New Christine and the Queens Album ‘Chris’ Is Queer Sexuality Manifested as Icy Elctropop

New Christine and the Queens Album ‘Chris’ Is Queer Sexuality Manifested as Icy Elctropop

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Genderfuck. It’s a great word, used less in the age of the more neutral “gender fluid.” Héloïse Letissier continues to toy with perceptions of masculinity and femininity on her just-released sophomore record, the new Christine and the Queens album Chris, right down to its stylishly androgynous cover, and she loves the disorientation.

“I enjoy this confusion,” she has said. “Héloïse? Christine? Chris? Maybe I will be called C at some point. Well, Chris is just the shorter version of Christine, so most of my friends have called me Chris for a while. It’s way more efficient.”

The Nantes, France-born performer, on the back of her debut Chaleur Humaine (and its English-language counterpart), went from indie pop buzzword to international star. New Christine and the Queens album Chris is primed for global dominance. And everything fresh in our discovery of the debut — the warm and icy electropop, the explorations of sexuality and romance — are better here. Bolder, brutally honest, muscular, much like her sinewy transformation.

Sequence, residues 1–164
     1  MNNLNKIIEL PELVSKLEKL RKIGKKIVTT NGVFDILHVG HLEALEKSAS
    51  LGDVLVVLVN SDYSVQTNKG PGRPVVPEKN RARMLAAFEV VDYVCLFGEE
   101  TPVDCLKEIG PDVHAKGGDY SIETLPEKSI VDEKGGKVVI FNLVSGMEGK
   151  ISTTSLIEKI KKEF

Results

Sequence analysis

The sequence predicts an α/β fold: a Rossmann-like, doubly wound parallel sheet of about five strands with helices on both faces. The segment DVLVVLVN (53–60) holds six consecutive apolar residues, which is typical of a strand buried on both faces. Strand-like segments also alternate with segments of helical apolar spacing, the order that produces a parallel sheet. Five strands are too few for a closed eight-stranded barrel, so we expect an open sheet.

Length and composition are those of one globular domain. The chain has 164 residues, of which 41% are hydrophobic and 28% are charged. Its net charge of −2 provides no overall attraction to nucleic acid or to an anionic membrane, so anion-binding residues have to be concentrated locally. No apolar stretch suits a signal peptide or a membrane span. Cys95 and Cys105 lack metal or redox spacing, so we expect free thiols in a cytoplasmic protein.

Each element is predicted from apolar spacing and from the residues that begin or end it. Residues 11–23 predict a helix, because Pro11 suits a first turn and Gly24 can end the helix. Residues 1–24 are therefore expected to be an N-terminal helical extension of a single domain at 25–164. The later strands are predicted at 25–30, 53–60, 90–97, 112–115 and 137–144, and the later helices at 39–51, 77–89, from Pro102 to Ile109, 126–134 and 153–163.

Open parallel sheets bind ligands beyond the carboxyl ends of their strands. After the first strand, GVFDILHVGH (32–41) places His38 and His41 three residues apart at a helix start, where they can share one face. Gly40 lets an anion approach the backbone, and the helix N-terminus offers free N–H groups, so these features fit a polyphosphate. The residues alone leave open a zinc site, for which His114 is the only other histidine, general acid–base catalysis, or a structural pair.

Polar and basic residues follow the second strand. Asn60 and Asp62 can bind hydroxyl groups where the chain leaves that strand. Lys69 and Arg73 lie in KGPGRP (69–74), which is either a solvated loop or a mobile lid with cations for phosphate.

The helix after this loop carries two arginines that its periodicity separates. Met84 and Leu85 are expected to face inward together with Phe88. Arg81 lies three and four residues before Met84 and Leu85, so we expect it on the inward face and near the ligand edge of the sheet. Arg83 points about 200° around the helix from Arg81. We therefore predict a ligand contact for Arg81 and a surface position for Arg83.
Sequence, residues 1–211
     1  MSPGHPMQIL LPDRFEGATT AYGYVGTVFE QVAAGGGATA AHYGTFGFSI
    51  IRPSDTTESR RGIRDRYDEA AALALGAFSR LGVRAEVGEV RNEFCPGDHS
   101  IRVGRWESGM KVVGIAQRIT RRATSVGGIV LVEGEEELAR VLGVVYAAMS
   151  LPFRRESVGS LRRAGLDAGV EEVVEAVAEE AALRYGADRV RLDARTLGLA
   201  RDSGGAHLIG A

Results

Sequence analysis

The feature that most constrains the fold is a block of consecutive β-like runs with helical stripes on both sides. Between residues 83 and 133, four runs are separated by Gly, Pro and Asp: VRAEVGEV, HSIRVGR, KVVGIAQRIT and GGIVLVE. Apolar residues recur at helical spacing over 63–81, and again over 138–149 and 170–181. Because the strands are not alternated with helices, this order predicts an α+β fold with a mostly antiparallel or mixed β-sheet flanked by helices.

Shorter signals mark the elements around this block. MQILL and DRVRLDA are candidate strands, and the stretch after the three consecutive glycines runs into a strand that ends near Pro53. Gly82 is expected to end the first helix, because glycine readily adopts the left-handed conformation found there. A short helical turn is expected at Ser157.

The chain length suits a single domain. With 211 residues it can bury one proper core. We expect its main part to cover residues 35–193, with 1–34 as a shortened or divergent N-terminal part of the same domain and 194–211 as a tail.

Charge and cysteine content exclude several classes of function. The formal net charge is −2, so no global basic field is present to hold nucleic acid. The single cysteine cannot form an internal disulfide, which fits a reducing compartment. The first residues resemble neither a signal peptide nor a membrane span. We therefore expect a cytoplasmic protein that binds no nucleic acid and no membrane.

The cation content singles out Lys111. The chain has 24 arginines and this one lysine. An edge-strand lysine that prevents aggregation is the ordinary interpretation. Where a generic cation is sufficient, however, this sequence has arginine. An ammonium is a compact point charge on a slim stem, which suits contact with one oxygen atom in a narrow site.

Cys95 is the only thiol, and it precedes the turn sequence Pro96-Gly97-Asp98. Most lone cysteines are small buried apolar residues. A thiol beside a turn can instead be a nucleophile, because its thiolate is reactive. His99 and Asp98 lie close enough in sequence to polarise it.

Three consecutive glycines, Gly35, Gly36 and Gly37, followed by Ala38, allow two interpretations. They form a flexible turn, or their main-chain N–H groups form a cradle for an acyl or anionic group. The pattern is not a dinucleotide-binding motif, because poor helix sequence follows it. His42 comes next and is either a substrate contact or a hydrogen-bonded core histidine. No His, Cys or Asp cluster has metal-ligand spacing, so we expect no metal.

“The first album was born out of the frustration of being an aberration in society, because I was a young queer woman,” Letissier says. “The second was really born out of the aberration I was becoming, which was a powerful woman — being lustful and horny and sometimes angry, and craving for this will to just own everything a bit more and apologize a bit less.”

There’s nothing to apologize for here. Her love of Michael and Janet Jackson is front and center on the first single “Girlfriend (feat. Dâm-Funk)” and the erotica of “Feel So Good.” The scars of teenage bullying manifest on the mid-tempo electronic rumination of “What’s-Her-Face.” She questions religious tyranny with “Doesn’t Matter” and brings squelchy funk to the empowered “Damn (What Must a Woman Do).”

The cover of new Christine and the Queens album ‘Chris’

While Chris tackles some serious subject matter, Letissier never forgets the capacity for joy at the heart of all great pop music. She can crystallize her experiences and pains and triumphs inside three perfect minutes and, when the mood is upon her — as it is throughout this blissful second release — she can have us all dancing to it.

The new Christine and the Queens album Chris is out today.

Images by Jamie Morgan

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